A refreshingly light pic, "2 Seconds" is a reasonably engaging portrait of a mountain bike racer in the throes of a midlife crisis. The main attraction of this rather slim piece of filmmaking is a warm, appealing performance by seasoned Quebec thesp Charlotte Laurier.
A refreshingly light pic, “2 Seconds” is a reasonably engaging portrait of a mountain bike racer in the throes of a midlife crisis. The main attraction of this rather slim piece of filmmaking is a warm, appealing performance by seasoned Quebec thesp Charlotte Laurier. But this first feature from Montreal helmer Manon Briand, who directed one of the segments of last year’s “Cosmos,” is simply too slight to set itself apart from the indie pack and make much of a mark theatrically.
The title refers to the crucial moment of hesitation Laurie (Laurier) experiences at the start of a race atop a mountain in California when she begins to feel some insecurity about her age. She is unceremoniously fired from the mountain bike racing team after her poor finish. Confused and upset, Laurie heads home to Montreal, where she moves in with her nerdy, ultra-goofy brother, Steff (Yves Pelletier).
She takes her bike to an out-of-the-way repair shop run by a crusty old Italian named Lorenzo (Dino Tavarone), and, despite a testy first meeting, Laurie and Lorenzo become good pals thanks to their shared love of bike racing. It’s clear, too, that she admires his independent spirit. When she takes a day job as a bicycle courier, Laurie continually runs afoul of her boss because she tends to zoom off across the city and forget about her deliveries.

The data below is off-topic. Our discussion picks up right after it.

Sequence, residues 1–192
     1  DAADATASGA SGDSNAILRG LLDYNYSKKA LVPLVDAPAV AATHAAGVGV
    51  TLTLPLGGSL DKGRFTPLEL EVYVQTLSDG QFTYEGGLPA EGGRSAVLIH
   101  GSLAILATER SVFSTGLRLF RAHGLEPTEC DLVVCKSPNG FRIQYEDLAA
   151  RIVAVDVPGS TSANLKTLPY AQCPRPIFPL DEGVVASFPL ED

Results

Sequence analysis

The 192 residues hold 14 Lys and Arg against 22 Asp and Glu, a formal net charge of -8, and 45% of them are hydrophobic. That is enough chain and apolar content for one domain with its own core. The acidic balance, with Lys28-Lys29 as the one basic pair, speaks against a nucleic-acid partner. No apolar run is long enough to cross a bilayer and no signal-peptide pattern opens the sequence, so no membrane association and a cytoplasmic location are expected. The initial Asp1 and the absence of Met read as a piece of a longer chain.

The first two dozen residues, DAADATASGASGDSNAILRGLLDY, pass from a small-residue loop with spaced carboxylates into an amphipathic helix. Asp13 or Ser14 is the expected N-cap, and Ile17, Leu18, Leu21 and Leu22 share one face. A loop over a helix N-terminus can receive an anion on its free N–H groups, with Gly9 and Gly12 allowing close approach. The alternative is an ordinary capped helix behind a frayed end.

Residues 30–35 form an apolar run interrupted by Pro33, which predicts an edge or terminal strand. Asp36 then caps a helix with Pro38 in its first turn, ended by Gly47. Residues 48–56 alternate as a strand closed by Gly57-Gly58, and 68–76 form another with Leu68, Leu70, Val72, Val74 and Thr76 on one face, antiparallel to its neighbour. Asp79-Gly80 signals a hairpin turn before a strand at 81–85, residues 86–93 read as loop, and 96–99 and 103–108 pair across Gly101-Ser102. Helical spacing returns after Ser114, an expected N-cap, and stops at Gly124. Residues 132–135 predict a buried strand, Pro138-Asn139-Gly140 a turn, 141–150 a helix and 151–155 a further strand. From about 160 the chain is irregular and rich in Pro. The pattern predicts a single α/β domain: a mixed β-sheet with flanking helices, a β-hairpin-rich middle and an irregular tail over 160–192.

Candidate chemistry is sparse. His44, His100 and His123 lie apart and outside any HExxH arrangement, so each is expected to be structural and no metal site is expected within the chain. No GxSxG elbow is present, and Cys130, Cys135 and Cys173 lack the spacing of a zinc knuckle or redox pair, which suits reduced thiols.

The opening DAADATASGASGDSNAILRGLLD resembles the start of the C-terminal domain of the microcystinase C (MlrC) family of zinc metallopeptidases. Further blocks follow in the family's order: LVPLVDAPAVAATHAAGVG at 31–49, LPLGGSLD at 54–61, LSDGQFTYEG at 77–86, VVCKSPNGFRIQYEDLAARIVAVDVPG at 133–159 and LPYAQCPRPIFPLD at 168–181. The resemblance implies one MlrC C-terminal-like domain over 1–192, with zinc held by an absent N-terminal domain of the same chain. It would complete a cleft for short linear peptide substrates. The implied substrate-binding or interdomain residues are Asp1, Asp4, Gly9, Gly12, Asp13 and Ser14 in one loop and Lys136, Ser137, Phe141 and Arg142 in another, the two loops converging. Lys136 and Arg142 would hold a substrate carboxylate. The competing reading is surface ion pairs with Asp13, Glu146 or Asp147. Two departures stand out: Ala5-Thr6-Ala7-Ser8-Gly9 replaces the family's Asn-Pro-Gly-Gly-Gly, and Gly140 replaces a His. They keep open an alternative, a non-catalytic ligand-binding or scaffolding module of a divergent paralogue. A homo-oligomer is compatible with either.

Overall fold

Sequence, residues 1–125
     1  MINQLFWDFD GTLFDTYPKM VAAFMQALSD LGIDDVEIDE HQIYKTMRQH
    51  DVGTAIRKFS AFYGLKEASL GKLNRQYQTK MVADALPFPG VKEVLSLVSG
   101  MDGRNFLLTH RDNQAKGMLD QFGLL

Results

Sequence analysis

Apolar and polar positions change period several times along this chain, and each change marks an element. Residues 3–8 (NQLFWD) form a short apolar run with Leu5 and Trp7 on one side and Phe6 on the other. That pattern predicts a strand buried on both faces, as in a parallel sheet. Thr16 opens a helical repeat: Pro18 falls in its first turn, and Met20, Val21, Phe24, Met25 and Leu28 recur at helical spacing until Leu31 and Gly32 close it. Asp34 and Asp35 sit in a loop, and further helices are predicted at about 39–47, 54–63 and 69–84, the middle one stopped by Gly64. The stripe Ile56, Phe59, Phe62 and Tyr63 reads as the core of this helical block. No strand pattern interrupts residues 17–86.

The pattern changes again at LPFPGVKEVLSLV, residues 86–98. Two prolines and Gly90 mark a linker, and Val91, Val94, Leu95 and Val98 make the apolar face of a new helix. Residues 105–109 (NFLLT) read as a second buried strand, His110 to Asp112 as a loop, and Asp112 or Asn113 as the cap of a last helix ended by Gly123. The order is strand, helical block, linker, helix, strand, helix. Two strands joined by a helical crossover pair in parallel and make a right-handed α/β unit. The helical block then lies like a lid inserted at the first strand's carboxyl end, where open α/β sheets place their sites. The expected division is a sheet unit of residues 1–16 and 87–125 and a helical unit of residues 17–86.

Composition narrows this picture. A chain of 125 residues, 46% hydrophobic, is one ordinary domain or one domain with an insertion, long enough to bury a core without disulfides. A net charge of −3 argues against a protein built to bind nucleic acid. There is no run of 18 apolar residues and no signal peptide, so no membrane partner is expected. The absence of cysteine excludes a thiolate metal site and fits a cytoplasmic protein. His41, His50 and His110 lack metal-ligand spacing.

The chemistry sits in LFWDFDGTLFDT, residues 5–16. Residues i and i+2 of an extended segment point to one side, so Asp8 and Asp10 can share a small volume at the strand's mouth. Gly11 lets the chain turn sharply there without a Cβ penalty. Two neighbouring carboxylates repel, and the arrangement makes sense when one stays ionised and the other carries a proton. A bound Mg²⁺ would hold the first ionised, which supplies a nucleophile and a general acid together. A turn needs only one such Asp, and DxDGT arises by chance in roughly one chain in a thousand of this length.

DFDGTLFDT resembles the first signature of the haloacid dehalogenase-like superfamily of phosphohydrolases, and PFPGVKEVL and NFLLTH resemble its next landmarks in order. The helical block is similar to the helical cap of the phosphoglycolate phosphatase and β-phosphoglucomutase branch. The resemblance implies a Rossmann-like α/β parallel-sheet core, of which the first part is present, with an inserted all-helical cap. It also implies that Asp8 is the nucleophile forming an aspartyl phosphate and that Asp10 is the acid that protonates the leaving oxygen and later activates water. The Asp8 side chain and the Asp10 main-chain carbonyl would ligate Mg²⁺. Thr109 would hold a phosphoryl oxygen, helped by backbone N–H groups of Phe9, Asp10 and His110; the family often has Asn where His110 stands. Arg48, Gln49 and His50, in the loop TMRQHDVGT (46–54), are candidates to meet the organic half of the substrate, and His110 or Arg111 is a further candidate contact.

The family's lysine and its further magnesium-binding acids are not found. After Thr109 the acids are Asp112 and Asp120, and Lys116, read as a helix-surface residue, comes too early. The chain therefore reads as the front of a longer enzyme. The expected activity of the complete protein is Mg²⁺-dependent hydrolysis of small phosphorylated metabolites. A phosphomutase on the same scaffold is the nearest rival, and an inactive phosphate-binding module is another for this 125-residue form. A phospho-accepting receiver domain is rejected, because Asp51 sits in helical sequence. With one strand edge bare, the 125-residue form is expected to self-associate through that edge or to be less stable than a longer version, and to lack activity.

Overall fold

Briand does a good job of capturing the unique youth subculture surrounding the Gen-X bike-courier scene, but the central story about Laurie and Lorenzo’s unlikely friendship is much less convincing. The old crank with a heart of gold is too much of a stock character, and the dynamic between the two is further muddied by the choice of Tavarone for the role. He looks too young to play the curmudgeon, who is supposed to be at least a couple of decades older than Laurie.
It’s nice to see Laurier in a good lead role after too long an absence; she’s perfect as the frustrated racer who never loses her big, loopy grin. Pelletier provides some welcome laughs as the brother obsessed with finding a girlfriend, Einstein’s theory of relativity and coming up with a winning lottery number.
James Gray’s lensing captures the feel of zipping through the streets of downtown Montreal on a bike; there is no shortage of nifty visual flourishes here. Soundtrack is an appropriately cool urban mix of jazz and modern-rock sounds.